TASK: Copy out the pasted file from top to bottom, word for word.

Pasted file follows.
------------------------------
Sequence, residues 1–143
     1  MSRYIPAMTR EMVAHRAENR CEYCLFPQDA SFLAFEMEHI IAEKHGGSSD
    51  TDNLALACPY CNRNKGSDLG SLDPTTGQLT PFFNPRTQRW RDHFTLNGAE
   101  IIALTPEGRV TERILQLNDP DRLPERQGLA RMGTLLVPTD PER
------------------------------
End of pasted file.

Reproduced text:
Sequence, residues 1–143
     1  MSRYIPAMTR EMVAHRAENR CEYCLFPQDA SFLAFEMEHI IAEKHGGSSD
    51  TDNLALACPY CNRNKGSDLG SLDPTTGQLT PFFNPRTQRW RDHFTLNGAE
   101  IIALTPEGRV TERILQLNDP DRLPERQGLA RMGTLLVPTD PER